Unlike the back squat, the front squat only requires the barbell to be positioned atop the chest shelf and clavicles, removing the need to press the barbell overhead and allowing the exerciser to retain a similar level of intensity to the back squat with significantly less weight.

barbell front squat

A caveat to this is that the front squat places significantly more emphasis on the quadriceps muscle group, taking training stimulus away from the posterior chain and thus resulting in less development of those muscles.

3. Zercher Squats

Quite similar to front squats save for the fact that no clean is required in order to position the barbell to an appropriate elevation; instead, the exerciser need only raise the barbell to their thighs, temporarily resting it there as they hook their elbows beneath the bar and secure it in the crook therein.

zercher squat

Holding the barbell in their elbows, the exerciser will then proceed to squat in a manner similar to other free weight squat exercises - though without the use of a squat rack, or the need to raise the barbell any higher than the hips alone.

Rack-less Squat Alternative Exercises

Though certain variations of the barbell squat were already listed in this article, said exercises are limited in terms of resistance and generally require the exerciser to raise a loaded barbell up to a certain elevation - something that is not only difficult, but may be dangerous for individuals of advanced age or with a history of injury.

Fortunately, other squat alternative exercises that do not utilize a barbell rack may instead be performed, some of which do not even use a barbell at all.

1. Goblet Squats

Performed entirely with a dumbbell or kettlebell, the goblet squat is functionally and mechanically similar to a front squat, placing the source of resistance somewhere around the sternum of the exerciser as they grip a dumbbell or kettlebell in both hands.

goblet squat form

For exercisers without access to a barbell and a rack, the goblet squat may be the next best thing - though, like most of the exercises in this article, shifting the weight to the front of the torso and thus the angle of resistance will result in the posterior chain being activated to a greater degree and the mechanics of the exercise being changed.

2. Dumbbell Squats

Simply an ordinary weighted squat that has the exerciser grip a pair of dumbbells at either side instead, the dumbbell squat is an excellent substitute for barbell squats if the exerciser does not have access to a squat rack - with the exerciser’s grip strength being the only limiting factor and thus the only disadvantage to this substitution.

dumbbell squatting

Moving the source of resistance to both sides of the hips as opposed to atop the back will also reduce the pressure and load placed upon the spinal column, making the dumbbell squat not only excellent as a non-rack alternative, but also a safer one.

3. The Barbell Hack Squat

An alternative to the back squat that retains or even surpasses it in maximal weight capability, the barbell hack squat places a loaded barbell beneath the exerciser instead of on top of their back, allowing for just as much weight to be loaded onto the barbell as one would be capable of with a rack.

barbell hack squat movement

With the barbell beneath the exerciser’s hips and glutes, the angle of resistance and muscle group activation pattern is also altered, placing a greater focus on the quadriceps muscle group.

Unlike many of the other exercises mentioned previously, the hack squat’s form is more akin to a deadlift than a back squat, requiring its own set of form cues in order to be performed safely and effectively.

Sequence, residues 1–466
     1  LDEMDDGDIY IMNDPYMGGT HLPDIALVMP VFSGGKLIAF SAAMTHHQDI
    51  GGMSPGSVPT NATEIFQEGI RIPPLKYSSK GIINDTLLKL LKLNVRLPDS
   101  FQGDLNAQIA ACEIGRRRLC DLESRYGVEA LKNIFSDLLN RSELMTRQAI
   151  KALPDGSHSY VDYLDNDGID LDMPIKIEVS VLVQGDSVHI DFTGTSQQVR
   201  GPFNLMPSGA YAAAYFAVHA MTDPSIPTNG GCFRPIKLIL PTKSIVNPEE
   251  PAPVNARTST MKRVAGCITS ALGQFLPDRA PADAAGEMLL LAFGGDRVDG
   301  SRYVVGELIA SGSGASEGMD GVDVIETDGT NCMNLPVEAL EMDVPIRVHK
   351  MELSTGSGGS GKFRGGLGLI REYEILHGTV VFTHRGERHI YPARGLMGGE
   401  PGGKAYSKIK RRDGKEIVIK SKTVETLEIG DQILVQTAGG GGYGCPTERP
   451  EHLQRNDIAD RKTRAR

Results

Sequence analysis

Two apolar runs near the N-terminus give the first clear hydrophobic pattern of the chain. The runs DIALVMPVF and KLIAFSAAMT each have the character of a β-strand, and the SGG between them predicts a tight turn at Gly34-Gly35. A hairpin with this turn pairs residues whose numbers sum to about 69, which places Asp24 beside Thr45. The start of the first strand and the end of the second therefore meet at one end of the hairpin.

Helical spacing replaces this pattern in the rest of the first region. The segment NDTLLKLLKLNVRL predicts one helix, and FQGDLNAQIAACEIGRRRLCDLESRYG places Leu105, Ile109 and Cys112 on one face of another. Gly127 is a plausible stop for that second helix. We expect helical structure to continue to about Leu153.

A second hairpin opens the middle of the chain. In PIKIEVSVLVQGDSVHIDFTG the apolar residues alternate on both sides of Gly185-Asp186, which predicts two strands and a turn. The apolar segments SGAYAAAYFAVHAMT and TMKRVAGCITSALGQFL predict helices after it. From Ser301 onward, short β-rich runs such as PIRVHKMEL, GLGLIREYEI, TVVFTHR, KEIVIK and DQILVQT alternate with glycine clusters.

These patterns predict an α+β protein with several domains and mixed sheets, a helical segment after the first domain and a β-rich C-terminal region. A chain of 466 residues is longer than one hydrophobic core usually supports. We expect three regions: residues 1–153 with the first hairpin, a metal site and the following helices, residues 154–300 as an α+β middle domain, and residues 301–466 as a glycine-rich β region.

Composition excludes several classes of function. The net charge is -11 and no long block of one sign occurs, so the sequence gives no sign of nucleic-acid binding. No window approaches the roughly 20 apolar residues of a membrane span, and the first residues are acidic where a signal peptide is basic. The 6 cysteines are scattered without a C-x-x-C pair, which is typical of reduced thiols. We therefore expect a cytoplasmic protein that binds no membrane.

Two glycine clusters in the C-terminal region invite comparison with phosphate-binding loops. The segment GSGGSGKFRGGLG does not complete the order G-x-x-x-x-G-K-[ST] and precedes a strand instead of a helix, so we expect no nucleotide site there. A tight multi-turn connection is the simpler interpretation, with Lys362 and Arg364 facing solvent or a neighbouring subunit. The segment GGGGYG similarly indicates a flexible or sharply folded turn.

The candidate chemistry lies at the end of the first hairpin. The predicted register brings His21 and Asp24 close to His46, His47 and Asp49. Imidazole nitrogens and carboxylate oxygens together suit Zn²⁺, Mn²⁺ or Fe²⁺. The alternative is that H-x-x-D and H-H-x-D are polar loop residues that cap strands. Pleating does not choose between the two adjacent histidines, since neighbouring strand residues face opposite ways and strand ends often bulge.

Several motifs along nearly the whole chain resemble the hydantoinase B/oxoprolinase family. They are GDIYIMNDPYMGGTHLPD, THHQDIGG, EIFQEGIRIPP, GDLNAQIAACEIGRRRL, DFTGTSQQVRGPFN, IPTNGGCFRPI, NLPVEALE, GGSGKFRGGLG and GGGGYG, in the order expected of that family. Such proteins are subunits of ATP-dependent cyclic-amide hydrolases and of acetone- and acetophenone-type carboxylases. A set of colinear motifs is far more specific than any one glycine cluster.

Nevertheless, in terms of intensity, total resistance and effectiveness as a leg exercise; the hack squat should be considered one of the best choices for squatting without a rack.

4. The Leg Press

Practically the machine version of the barbell squat, the leg press is another perfectly suitable alternative to the back squat if the exerciser does not have access to a rack.

leg press machine

The leg press and the back squat share a similar muscle group activation set, movement pattern and level of resistance - though the usual drawbacks of utilizing a machine-based exercise still do apply, leading to stabilizer muscle group imbalances over time.

Apart from this caveat however, the leg press is otherwise capable of inducing a training stimulus comparable to that of a barbell back squat without the actual need for a rack, barbell or weight plates.

In Conclusion

Though it is entirely possible to squat without a rack, certain limitations come into play in regards to how closely the exerciser will be able to mimic their training if they did indeed have a barbell rack available.

As such, one will find that by either utilizing a similar but more suitable alternative exercise to the squat, or by nonetheless performing the back squat with certain changes to its mechanics - the intended training stimulus of the workout session may still be preserved.

Either of these options come with their own pros and cons, but one’s expectations must be tempered, as completely replicating the benefits and effectiveness of a barbell back squat performed from a rack is quite difficult.

References:

1. Eliassen W, Saeterbakken AH, van den Tillaar R. COMPARISON OF BILATERAL AND UNILATERAL SQUAT EXERCISES ON BARBELL KINEMATICS AND MUSCLE ACTIVATION. Int J Sports Phys Ther. 2018 Aug;13(5):871-881. PMID: 30276019; PMCID: PMC6159498.

2. Adda, Ghoual. (2019). The effect of repetition ranges on maximal strength and hypertrophy. International Journal of Physical Education, Fitness and Sports. 8. 149-157. 10.26524/ijpefs19415.

3. Erdağ, Deniz & Yavuz, Hasan. (2020). Evaluation of Muscle Activities During Different Squat Variations Using Electromyography Signals. 10.1007/978-3-030-35249-3_114.

Debbie (Deb) started powerlifting and Olympic lifting in High School as part of her track team's programming; She continues to train in order to remain athletic. Inspire US allows Deb to share information related to training, lifting, biomechanics, and more.